I just read another article on road rage.
Let’s face it . . . some drivers are incompetent and that can be annoying . . . but violence? over someone else’s driving?
Could mindfulness “cure” road rage and help the rest of us calm our righteous indignation?
Probably not wipe it out altogether, but . . .
. . . I have come across one exercise that might be particularly helpful, not just to quell contemptuous, angry thoughts about bad drivers, but for use in a variety of situations.
And if you treat patients with anger-management issues, this exercise, The Ten Thousand Things may be particularly helpful:
Pick a situation in which you feel someone has wronged you. Be mindful of your reactions to this person, especially the deeper ones. Scan yourself for any ill will.Now reflect on some of the various causes – the ten thousand things – that have led this person to act in the way that s/he has.
Consider biologically based factors affecting him, like pain, age, innate temperament, or intelligence.
Consider the realities of his life: race, gender, class, job, responsibilities, daily stresses.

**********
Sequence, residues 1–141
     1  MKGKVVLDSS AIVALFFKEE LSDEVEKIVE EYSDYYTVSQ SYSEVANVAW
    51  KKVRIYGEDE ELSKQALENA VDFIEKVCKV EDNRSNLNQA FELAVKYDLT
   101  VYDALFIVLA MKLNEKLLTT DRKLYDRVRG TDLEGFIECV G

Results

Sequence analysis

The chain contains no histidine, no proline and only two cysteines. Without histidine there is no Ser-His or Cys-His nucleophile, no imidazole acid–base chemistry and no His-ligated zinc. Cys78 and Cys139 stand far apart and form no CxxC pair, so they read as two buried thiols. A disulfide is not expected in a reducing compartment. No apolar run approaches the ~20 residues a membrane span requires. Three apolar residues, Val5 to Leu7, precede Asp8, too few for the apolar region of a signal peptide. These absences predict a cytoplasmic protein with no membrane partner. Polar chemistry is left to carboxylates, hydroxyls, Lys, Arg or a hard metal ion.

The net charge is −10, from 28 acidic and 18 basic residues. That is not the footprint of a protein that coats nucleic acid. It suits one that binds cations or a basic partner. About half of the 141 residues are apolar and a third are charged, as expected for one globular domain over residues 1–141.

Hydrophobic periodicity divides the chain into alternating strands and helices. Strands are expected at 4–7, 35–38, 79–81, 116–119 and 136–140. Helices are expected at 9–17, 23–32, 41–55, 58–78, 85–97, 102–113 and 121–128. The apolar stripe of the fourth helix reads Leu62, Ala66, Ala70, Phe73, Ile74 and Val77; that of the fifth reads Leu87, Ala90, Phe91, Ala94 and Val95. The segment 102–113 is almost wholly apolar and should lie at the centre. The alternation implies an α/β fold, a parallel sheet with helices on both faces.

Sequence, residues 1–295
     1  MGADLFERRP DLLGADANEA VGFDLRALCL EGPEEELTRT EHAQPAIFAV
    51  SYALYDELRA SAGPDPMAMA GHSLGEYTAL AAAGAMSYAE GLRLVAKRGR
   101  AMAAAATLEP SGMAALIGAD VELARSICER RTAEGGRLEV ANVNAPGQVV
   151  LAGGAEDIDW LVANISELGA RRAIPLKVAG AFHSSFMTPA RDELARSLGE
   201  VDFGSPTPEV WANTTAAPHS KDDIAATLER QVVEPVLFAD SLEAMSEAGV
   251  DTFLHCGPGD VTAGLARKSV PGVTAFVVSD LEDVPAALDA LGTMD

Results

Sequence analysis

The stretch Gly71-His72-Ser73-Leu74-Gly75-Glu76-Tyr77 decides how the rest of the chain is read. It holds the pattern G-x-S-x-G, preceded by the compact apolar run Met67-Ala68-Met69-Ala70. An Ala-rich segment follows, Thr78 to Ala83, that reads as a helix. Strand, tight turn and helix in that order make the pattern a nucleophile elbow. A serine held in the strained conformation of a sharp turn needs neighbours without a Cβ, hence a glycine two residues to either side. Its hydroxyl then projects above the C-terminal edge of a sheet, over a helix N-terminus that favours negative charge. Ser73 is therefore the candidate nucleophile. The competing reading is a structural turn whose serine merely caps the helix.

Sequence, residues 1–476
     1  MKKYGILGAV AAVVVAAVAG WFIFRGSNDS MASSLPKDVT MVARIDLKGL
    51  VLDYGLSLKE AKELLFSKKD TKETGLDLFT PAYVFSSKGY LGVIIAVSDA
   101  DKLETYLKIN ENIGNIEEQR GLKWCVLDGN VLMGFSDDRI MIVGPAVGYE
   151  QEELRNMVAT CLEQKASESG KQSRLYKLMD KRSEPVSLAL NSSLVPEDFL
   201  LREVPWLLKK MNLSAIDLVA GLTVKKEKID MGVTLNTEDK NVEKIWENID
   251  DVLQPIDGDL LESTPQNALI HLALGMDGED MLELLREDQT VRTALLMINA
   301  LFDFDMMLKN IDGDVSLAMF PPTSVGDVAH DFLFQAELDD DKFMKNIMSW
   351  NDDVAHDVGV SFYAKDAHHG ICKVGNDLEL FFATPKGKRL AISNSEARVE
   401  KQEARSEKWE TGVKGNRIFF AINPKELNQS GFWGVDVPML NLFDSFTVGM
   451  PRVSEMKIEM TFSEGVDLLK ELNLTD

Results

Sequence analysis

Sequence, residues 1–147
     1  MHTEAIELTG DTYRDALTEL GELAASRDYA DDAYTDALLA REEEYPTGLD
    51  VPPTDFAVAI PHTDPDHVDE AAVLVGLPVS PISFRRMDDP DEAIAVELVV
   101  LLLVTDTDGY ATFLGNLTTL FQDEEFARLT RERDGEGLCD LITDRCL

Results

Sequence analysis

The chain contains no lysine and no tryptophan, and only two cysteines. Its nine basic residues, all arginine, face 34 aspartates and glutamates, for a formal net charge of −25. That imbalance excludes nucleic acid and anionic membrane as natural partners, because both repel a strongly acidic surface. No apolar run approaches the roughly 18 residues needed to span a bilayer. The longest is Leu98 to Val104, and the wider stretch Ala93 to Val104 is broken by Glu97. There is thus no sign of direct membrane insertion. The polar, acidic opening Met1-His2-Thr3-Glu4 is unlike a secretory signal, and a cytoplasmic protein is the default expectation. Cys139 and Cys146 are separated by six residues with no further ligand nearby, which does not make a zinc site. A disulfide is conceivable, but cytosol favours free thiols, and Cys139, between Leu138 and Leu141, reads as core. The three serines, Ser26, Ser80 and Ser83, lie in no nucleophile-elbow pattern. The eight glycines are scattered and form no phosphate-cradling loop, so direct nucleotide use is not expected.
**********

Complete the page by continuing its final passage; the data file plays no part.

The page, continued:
Consider whatever you know about his childhood. Consider major events in his life as an adult.
Consider his mental processes, personality, values, fears, hot buttons, hopes, and dreams.
Consider his parents in light of whatever you know or can reasonably guess about them; consider, too, the factors that may have shaped their lives.
Reflect on the historical events and other upstream forces that have formed the river of causes flowing through his life today.
Look inside yourself again. Do you feel any differently now about him? Do you feel any differently about yourself?”
This exercise was taken from Dr. Rick Hanson’s Buddha’s Brain.*
For more of his work, check out our mindfulness programs.
What mindful activities do you use to calm anger in your patients?
We invite you to leave a comment below.
*Used with the author’s permission.